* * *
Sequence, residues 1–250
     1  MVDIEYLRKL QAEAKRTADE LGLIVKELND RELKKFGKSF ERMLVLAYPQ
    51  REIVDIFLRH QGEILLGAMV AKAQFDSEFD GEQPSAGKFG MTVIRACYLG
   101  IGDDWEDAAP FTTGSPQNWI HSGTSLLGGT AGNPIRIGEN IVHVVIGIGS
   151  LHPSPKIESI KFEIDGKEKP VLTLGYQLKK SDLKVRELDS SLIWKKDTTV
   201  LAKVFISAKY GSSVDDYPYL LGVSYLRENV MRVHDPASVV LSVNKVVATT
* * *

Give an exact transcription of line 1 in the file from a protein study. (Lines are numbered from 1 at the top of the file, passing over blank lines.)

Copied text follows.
Sequence, residues 1–250